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How to cope with environmental and networking challenges affecting video surveillance at remote sites

Surveillance systems planned around cameras that capture and stream video to a centralised general purpose IT servers lead to poor video quality
Temperature, dusty and dirty conditions, along with limited access to networking
makes remote location video surveillance extremely challenging

Properly conducting video surveillance for any organisation comes with several challenges. Not the least of which is how to architect a system that finds the right balance between quality, cost and bandwidth impact. This becomes even more challenging in non-traditional, demanding environments that are uncontrolled or highly dispersed, whether that’s an oil field, outdoor ATM machine, city intersection or a host of other “no-man’s land” environments where there is less control over the temperature, dusty and dirty conditions, and with limited access to bandwidth and IP networking.  

A primer on video surveillance for all organisations

First, before we move on to harsh environments, let’s look at how most organisations address video surveillance recording. Until recently, many companies have planned video surveillance systems around cameras that capture and stream video over a network to centralised general purpose IT servers and storage systems. That video can cause major network bottlenecks. For almost all organisations, network infrastructure planning does not take video surveillance network needs into account. The networks are typically designed to handle information related to the business such as emails and application servers, and it’s often prioritised according to the business’ function. For instance, on a network within a bank – transactional data will be made a higher priority than video surveillance data. The shared network bogs down video surveillance systems (or the other way around) and prohibits companies from running the kind of video surveillance quality that they can depend on. 

Open, intelligent surveillance appliances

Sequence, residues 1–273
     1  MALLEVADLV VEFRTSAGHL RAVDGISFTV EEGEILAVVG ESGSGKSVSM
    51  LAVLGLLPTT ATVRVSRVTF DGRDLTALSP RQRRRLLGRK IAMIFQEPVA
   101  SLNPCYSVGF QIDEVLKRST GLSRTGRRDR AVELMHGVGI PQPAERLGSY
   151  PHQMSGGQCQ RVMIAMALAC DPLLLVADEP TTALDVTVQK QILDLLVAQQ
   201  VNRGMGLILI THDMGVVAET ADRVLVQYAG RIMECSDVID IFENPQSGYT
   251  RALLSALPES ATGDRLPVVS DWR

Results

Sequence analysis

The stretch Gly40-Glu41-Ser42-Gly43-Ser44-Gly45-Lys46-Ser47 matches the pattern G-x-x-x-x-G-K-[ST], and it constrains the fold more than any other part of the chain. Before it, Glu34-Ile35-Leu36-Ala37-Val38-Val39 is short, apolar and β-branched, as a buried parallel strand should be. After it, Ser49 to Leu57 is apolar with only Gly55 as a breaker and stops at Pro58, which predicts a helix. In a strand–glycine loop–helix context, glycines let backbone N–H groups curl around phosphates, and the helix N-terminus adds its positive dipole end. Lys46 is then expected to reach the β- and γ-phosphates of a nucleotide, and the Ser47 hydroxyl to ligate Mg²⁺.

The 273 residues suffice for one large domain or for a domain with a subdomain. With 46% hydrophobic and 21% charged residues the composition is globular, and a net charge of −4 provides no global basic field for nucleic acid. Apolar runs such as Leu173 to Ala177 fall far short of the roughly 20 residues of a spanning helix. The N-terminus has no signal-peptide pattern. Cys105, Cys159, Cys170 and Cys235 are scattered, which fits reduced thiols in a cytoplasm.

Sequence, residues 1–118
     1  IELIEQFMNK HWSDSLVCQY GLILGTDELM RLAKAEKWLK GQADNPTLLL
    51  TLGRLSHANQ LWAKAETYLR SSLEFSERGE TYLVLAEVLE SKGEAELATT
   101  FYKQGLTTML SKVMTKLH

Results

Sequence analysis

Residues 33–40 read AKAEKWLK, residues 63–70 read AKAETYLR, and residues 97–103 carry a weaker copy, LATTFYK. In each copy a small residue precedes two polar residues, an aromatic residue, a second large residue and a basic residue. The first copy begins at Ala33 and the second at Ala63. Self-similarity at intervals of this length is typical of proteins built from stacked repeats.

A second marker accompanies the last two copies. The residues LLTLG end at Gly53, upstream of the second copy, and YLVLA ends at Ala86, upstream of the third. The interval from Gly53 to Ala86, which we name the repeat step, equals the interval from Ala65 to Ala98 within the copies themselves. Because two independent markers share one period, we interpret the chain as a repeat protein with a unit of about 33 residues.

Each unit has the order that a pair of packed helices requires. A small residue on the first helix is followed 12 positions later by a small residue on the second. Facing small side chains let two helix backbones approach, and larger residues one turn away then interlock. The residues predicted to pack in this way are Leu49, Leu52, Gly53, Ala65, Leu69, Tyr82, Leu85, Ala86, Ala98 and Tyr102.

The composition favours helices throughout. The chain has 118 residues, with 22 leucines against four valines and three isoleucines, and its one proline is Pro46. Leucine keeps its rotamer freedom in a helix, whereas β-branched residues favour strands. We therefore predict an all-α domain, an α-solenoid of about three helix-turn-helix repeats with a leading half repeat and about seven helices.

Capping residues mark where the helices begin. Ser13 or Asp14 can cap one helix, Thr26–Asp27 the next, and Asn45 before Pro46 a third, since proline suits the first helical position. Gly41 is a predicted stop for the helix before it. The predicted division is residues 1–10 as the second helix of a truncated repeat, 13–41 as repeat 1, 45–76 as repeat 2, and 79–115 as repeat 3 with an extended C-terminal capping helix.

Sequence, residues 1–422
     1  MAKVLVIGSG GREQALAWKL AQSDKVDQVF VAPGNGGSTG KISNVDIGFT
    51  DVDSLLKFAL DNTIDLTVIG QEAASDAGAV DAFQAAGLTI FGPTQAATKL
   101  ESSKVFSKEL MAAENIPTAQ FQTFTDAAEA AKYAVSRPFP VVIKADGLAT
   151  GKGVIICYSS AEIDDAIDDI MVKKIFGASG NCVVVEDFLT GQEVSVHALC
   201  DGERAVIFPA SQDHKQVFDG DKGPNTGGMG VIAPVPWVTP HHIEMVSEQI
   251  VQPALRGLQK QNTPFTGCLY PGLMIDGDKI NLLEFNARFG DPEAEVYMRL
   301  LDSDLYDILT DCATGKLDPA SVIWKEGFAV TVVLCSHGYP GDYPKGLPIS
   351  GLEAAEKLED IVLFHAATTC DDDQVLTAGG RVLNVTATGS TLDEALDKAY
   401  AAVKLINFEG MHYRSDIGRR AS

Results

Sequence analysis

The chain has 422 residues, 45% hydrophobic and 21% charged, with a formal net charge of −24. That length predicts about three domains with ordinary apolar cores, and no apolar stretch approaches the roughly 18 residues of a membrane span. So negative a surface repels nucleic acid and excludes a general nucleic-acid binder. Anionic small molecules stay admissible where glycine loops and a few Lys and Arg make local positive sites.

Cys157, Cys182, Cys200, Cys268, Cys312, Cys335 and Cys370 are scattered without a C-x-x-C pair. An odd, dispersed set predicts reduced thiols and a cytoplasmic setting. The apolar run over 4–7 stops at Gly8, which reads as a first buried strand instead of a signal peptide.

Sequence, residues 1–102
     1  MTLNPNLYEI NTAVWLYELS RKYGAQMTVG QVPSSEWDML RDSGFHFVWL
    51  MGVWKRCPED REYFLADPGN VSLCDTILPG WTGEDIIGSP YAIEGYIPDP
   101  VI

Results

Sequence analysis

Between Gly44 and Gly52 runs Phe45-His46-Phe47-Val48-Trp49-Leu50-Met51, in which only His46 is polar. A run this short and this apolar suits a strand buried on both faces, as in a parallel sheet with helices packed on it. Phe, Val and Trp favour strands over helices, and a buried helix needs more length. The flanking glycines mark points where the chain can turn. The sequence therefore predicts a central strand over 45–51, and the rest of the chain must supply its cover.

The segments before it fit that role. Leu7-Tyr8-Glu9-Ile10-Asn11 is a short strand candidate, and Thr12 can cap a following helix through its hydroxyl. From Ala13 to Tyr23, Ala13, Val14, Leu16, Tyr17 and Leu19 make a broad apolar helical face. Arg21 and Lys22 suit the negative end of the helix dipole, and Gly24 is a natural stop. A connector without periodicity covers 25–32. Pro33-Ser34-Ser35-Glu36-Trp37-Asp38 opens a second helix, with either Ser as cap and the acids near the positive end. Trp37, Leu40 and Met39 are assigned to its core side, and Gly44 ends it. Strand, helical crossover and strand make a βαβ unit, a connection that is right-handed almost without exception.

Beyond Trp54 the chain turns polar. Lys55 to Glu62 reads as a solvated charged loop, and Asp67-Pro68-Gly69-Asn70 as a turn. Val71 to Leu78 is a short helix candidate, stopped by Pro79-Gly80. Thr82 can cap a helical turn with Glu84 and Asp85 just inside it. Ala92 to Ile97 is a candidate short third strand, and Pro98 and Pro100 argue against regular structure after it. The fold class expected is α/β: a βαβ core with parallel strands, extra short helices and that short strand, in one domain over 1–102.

A new approach, which remedies these issues and performs better than the use of general-purpose IT systems and a centralised recording is the use of open, intelligent surveillance appliances. These appliances are an all-in-one server, managed switch and storage that are typically installed in a distributed appliance architecture. In a distributed environment, appliances record closer to the edge of the surveillance network, near the cameras. Multiple IP cameras are connected directly to the appliance so video only streams over the network when it is retrieved on-demand through a video management system (VMS) or in the event of an incident. The appliance is open because it works with virtually any VMS depending on the needs. 

An intelligent surveillance appliance approach and distributed architecture not only take the burden off the network by up to 95 percent, but also increase the reliability of the video by disassociating the surveillance video recording from conditions that can affect the health of the network such as congestion or network outages. Video continues to record when the network goes down, and there are fewer single points of failure. These appliances are typically built for the special demands of megapixel video and provide a smarter approach than streaming surveillance over networks.  

An intelligent surveillance appliance approach and distributed architecture take the burden off the network by up to 95 percent
Open, intelligent surveillance appliances perform better than general-purpose
IT systems and a centralised recording

Remote area video surveillance challenges

The majority of today’s video surveillance systems were designed to operate in controlled corporate or campus environments. But that is not always where the most demanding surveillance needs are found. Many of today’s video surveillance systems are needed at the far reaches of the globe, at the perimeter of an organisation, or the most inaccessible city locations that have dusty, dirty conditions. They must operate in extreme temperatures reaching as low as -4°F, up to 140°F; and have limited access to reliable network bandwidth.  

Because they have no other choice, organisations and their integrators will go to additional efforts to protect mission-critical equipment and surveillance recording from the elements. In doing so, they add additional expense or force fit regular network video recorders (NVR) and general-purpose systems that were not designed for the job. Some get by procuring multi-thousand dollar enclosures to protect equipment that have fans and sensitive components, and in essence “brute” force solutions to meet the needs.  

To add to the difficulty, network capabilities are even more limited with remote locations. The quality of video that can be transferred back from the surveillance point is limited by the network connection.  Due to these limitations, compromises are made including reducing resolution and frame rate, resulting in lost video and unusable evidence. When layers of video security are added to an infrastructure that was weak to begin with, it becomes more likely that fewer locations will meet the desired security requirements.